One of the biggest challenges facing the Islamic finance industry is related to the management of liquidity and risk. Islamic banks, in terms of liquidity, are facing issues of shortages and excessiveness similar to conventional banks. However, treasury departments of Islamic financial institutions (IFIs) have been able to deal with liquidity management through developing innovative products that are shariah-compliant.

With regard to the challenges arising from market risk, fixed and floating rate risk, currency exchange risk and so on, a variety of Shariah-compliant instruments have also been created to hedge them.


Liquidity refers to how easy, quick and costly it is to convert an asset into cash. Islamic banks do face liquidity risk as they are limited by illiquid assets to meet their liquid liabilities and other obligations. However, their exposure to liquidity risk is less when compared to their conventional counterparts. Liquidity management comprises of two components: the actual management of liquidity and the mitigation of risk where one performs Shariah-compliant hedging.

Liquidity Management Products


Murabaha is an arrangement involving a mark-up sale contract in which a commodity is purchased on the spot and sold on a cost-plus-profit margin, usually on a deferred payment basis.

In the case of Commodity Murabaha, the Islamic Financial Institution (IFI) buys a commodity and sells it to the commodity desks of an Islamic bank on a deferred payment basis, after adding its profit margin. The commodity desk then uses the commodity in its trading.

Once the Murabaha contract matures, the bank would pay the IFI the Murabaha selling price (cost plus profit margin).

This is applied in cases of both, excessive and shortage of liquidity issues.


A Tawarruq arrangement consists of two contracts: sales and purchase. The first contract involves the sale of a commodity to the purchaser on a deferred basis. Subsequently, the purchaser of the first sale will sell the same commodity to a third party via an on-the-spot cash basis.

The IFI buys a commodity and then sells it directly to an Islamic bank’s treasury department on a deferred payment basis after adding its profit margin. The treasure department sells the commodity to a third party on a cash and spot basis.

Once the Murabaha contract matures, the bank would pay the IFI the Murabaha selling price (cost plus profit margin).


Wakala is the assigning of one party (agent) on behalf of another (principal), in a known and permissible dealing.

The Islamic bank is appointed as a Wakil (agent) by the IFI for a fixed fee. The surplus funds are deposited at the Islamic bank which is then invested in Shariah-compliant channels. The funds are only invested in those channels that generate the IFI’s expected return or higher.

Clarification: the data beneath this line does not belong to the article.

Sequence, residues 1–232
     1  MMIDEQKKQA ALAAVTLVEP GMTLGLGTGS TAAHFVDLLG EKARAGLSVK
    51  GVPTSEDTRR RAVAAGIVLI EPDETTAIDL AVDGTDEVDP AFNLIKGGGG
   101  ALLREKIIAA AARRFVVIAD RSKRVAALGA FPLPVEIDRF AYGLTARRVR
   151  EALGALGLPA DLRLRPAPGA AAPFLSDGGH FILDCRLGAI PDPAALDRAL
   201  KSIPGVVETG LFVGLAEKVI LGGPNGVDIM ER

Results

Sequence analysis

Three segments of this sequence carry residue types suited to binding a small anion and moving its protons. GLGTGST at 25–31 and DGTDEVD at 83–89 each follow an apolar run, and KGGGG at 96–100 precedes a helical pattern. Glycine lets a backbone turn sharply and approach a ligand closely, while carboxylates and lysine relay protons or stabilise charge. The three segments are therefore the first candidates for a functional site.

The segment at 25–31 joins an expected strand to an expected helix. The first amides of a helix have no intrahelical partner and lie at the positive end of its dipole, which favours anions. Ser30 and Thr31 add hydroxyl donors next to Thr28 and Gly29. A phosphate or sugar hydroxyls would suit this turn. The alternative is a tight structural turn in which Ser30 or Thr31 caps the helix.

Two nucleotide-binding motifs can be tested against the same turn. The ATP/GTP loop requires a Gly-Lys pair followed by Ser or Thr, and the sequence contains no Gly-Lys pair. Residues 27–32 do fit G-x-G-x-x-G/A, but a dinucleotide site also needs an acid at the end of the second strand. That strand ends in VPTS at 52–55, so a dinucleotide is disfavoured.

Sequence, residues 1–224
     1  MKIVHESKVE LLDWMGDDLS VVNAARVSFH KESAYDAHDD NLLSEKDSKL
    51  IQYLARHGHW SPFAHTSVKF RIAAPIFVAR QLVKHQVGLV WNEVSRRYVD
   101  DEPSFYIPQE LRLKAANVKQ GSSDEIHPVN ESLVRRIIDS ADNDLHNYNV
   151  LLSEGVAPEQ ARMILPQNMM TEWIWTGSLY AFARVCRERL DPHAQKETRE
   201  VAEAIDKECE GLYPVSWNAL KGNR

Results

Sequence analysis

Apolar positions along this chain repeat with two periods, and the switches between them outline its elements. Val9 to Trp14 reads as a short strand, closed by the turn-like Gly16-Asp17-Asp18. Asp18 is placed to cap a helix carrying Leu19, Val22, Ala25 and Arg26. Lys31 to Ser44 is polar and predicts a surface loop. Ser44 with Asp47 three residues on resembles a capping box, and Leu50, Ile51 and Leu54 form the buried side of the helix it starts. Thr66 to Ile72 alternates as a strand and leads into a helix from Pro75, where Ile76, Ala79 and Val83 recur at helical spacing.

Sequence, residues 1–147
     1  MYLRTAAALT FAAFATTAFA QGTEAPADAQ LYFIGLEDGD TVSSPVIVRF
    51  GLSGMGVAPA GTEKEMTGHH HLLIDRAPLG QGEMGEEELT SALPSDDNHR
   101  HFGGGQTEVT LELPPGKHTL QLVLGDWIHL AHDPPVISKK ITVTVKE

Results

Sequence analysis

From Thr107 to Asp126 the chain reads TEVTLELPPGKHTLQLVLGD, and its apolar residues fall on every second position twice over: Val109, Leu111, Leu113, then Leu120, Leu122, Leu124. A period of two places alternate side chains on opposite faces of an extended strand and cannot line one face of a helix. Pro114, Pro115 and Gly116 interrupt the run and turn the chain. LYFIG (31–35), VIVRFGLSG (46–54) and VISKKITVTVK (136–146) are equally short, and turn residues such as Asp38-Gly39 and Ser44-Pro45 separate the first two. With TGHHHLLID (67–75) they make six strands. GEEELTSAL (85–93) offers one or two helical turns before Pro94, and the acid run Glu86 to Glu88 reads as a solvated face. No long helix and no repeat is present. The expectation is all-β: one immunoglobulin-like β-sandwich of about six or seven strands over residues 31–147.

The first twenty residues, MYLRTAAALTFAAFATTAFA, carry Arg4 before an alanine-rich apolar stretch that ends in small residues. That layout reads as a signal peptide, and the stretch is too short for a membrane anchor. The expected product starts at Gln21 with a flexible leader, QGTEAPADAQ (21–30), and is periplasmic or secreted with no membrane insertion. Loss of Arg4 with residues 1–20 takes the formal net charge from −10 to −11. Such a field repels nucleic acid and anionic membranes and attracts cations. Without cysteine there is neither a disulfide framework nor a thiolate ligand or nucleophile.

Once the contract matures, the Islamic bank pays back the original investment and realised profit amounts to the IFI.


From the point of view of Islamic finance, hedging is the Shariah-compliant attempt to reduce the exposure of risk arising from financial transactions. Islamic derivatives hedge financial risks related to the underlying assets involved.

Risk Management Products


It is an arrangement to exchange profit rate swaps between fixed and floating rate parties. It uses both, the Murabaha and Waad structures.

The parties issue an independent and unilateral undertaking (Waad) to enter into a Murabaha transaction on a certain date.

The parties also enter into Murabaha contracts to trade Shariah-compliant assets with each other on a spot-payment basis and immediate delivery.

A term Murabaha generates fixed payments (cost plus profit margin) and several reverse Murabaha contracts generate floating leg payments (cost price is fixed, profit margin is floating) in the Master Murabaha contract, which is fixed only on the day the Murabaha transaction is executed.

Following the execution of underlying transactions on the trade date, both parties will have their obligations set off.


It is an arrangement involving the exchange of currencies (Bai’ Al-Sarf) between two parties with the promise/undertaking (Waad) by one party to purchase the required currency against another currency on a predetermined date and at a specific exchange rate.

This structure helps Islamic banks in hedging its foreign currency rate exposure.


In this arrangement, two different currencies are exchanged against each other. The transaction should be executed on the spot and the currencies need to be simultaneously delivered to the parties.

If one or both of the currencies are deferred, the transaction is not Shariah-compliant.


In this arrangement, a unilateral promise (Waad) is established between the parties involved in the swap.

Only one party can make a promise to buy or sell the currency in the future, otherwise the parties may incur a loss due to the fluctuating exchange rates of foreign currency.


An option gives the holder the right to buy (call option) or sell (put option) certain assets in the future at a ‘locked-in’ price that is determined today.

An Islamic contract, known as the Bai’ Al-Urboon is used to structure the options. Urboun is referred to as the earnest money that gives the right to buy or sell based on the partial payment (Urboun) on the price of goods.

The seller will retain the Urboun amount in case the buyer decides to withdraw from the contract.

Profit is realised if the market price of the asset exceeds the ‘locked-in’ price.


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